One of the hardest thing I’ve ever had to learn was my own value in life. For a very long time, I used to think what I see in the mirror is what others see when they look at me. On a subconscious level I somehow believed those around me can smell my emotions and react to that, as if I was some open book. I lied and behaved as if others knew I was lying, I laughed and expected others to know I was happy, I bruised my knuckles on walls in mute desperation and expected a comforting hand on my shoulder to let me know I was going to be all right. Only none of that ever happened.
There are ways to know when an amateur lies – his or her behavior changes. Their body language changes. Introverts, like me, become their image – hunched back, eyes on the tip of our shoes, gliding by the walls as if we avoid everything and everyone, all this because we can’t really see ourselves through the eyes of our peers. We avoid confrontations, we avoid social interactions, we avoid even “accidental” social bumps, because we feel like frauds. It won’t matter how many achievements we have or what we’ve accomplished so far, because we have one bloody big fear to overcome: the fear we’re worthless and we’re just inches away from being publicly ousted. Took me decades to even identify this one, it’s that bad. You see, everything I’ve done well, every barrier I managed to break through, I’ve used to think it was just a lucky break. I’ve seen others believe in god’s grace, in lucky charms and favorable star alignments, but for me it was just luck. Coincidence. Only it wasn’t.
I read a lot. I think a lot. I’ve seen shit hit the fan a few times in my life, and after that passed I’ve managed to learn something – I can’t say anything is good or bad, or that the consequences of the perfect shitstorm are good or bad, since many lucky breaks turned out to be disasters in the making and many moments of terrifying fear that looked like they could be the end of me turned out to be the best helpers ever. I managed to learn this, though: you can’t tell if something’s good or bad unless you’re looking back at it after many years have passed. You know why? It’s not about what happens to you, it’s about what you choose to do with it. Things change, shit happens, but if you’re not giving up and keep asking yourself what you can do in this scenario, you’re almost always going to end up better than you used to be. I stopped feeling sorry for myself. I chose to never give up. If that’s out of the question, the next choice will be about how to react, how to ride the wave. It’s good if you’re an extrovert, it helps big time. Only I wasn’t.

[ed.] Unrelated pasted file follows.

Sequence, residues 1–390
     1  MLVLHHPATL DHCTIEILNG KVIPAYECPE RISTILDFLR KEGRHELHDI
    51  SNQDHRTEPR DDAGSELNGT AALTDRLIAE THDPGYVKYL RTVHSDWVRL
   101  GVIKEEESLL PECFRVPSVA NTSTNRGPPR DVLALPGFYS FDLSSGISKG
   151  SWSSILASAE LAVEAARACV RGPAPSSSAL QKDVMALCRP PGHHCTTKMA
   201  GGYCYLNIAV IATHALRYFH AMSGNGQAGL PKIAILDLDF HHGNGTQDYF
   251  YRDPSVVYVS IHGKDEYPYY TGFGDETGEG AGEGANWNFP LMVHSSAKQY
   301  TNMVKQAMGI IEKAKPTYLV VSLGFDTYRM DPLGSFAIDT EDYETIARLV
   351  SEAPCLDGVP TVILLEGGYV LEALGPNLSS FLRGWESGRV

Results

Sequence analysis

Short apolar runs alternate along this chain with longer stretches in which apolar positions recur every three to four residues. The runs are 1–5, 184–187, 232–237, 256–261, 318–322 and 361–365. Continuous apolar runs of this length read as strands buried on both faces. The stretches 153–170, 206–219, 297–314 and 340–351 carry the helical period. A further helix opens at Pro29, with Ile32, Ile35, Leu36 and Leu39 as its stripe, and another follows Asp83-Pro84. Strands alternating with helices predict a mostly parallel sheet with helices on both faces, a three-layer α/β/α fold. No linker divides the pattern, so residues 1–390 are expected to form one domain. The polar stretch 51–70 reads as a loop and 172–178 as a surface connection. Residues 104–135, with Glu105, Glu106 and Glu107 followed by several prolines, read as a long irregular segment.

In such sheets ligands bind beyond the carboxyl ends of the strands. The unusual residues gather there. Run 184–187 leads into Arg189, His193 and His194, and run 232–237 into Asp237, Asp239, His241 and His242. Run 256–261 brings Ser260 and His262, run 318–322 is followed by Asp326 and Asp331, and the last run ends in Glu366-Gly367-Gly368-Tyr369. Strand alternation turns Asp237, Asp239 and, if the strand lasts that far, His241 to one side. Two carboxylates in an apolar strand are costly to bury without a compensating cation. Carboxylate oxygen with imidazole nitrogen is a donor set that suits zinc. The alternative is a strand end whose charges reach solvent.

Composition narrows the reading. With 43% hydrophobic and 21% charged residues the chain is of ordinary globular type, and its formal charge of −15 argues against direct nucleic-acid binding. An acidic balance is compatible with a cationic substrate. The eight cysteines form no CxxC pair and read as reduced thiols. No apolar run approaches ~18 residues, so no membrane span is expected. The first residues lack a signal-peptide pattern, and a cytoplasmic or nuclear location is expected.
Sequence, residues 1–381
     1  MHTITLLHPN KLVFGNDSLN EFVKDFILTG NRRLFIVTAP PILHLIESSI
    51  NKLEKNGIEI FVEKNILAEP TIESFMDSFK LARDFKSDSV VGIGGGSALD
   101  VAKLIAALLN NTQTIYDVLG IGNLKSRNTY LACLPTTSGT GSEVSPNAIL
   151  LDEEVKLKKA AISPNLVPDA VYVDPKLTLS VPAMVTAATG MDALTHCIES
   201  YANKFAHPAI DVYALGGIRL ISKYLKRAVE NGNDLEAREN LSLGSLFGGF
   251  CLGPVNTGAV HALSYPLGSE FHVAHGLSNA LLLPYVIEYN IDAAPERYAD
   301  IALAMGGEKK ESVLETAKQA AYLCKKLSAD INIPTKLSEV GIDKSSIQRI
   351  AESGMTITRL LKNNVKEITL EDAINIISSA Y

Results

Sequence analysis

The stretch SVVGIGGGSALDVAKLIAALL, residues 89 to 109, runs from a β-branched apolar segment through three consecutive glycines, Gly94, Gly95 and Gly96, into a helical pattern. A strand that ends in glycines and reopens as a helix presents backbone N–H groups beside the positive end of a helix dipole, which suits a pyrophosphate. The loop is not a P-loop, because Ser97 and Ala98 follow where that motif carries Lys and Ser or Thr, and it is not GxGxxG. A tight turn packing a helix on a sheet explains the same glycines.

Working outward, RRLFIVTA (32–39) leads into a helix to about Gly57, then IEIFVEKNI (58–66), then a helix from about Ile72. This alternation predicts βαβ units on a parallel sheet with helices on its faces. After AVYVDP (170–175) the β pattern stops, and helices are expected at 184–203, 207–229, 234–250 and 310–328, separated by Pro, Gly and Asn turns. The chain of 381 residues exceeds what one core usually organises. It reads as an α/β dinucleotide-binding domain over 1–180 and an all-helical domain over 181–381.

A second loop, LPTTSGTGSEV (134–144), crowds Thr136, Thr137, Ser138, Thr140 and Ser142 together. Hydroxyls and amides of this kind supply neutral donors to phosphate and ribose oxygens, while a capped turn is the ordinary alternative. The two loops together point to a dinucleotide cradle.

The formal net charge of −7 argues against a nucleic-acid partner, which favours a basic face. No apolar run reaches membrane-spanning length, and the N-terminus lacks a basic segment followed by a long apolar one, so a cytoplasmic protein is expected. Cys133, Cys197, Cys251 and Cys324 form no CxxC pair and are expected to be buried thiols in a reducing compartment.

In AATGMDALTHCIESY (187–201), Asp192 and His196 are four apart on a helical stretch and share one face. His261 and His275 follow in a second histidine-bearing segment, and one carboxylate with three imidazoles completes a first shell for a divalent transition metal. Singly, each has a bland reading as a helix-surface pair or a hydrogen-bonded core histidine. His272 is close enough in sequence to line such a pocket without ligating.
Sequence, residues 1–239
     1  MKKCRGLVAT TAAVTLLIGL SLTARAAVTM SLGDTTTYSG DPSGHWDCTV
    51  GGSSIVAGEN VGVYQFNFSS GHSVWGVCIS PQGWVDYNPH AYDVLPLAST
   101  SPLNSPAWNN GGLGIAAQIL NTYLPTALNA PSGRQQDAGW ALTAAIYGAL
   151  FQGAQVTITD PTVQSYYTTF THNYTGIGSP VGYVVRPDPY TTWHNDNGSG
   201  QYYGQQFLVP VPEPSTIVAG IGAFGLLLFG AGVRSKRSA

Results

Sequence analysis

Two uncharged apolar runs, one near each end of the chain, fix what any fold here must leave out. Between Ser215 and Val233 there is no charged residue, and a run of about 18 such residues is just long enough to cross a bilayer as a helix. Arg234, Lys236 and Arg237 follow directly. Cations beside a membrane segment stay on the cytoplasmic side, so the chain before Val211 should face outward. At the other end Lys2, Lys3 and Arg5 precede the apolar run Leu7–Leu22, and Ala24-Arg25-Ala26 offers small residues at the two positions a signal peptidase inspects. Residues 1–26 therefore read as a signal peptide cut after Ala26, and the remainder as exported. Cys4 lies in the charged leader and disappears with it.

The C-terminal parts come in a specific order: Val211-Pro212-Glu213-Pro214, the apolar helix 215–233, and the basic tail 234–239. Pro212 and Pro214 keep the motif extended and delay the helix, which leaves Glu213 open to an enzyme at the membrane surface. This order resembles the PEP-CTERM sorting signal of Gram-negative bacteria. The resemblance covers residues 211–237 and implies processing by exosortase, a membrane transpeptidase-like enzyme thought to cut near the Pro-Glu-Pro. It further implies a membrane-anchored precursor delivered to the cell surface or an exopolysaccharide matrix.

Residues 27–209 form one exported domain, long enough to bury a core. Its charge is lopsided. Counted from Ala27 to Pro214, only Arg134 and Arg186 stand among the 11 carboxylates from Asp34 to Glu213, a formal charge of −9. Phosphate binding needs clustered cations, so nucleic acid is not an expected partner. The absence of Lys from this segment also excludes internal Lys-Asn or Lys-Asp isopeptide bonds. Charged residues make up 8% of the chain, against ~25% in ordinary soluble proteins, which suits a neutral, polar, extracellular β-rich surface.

There was a rather close call for me a few years back, and that was really the wake up call I needed. It’s ok to be an introvert, actually. It’s ok to not like people, well, most of them anyway. Because the people who actually care about you can be counted on the fingers of your hands. Or one of your hands. You see yourself in the mirror but instead of looking at the surface, you look deeper. Outside this circle of friends or family, nobody else does that. They have their own reflection to think about. They see what they want to see, they see through a filter that blocks out things – that filter is what we all use, it’s made of beliefs, assumptions, ideas and principles. They think feminism means the superiority of women. They use the latest gadgets and get confused when they’re asked why they’re using them. They print facebook accounts or linkedin links on their business cards and can’t understand why others don’t use those. They think everybody else is just like them. Only they aren’t.
You can’t really tell people about being different, they can’t process it. It’s like when a friend of mine was pursuing this very hot girl who told him, at one time, she was a lesbian. He was confused, she liked girls? So did he.. So what was the problem? Things get downright dirty when economics is involved. You can’t tell people depending on welfare to survive to get jobs. You can’t cut welfare unless it’s a rebellion you’re after. Life isn’t fair. The good thing in all this is, outside of those involved in your life, nobody sees the real you. You can be black, white, green, ugly as hell, but still on the way to happiness. Unless you choose somebody else’s life, that is. This was the hardest decision of my life. This was the big lesson. I have to be myself, but not the self you read in the magazines. I have a few things I can’t change – my life so far, my choices so far, my genes and my DNA. Everything else, I can change. I can choose. I’m expected to choose.
Defend your choices and nobody will care about how you appear. Defend your identity and they’ll only care about what you can do for them. Be strong and nobody will question that. Choose your life and don’t worry about what others think of your choice, your friends will understand and support you and if they don’t, they aren’t really your friends and you shouldn’t care what they think anyway.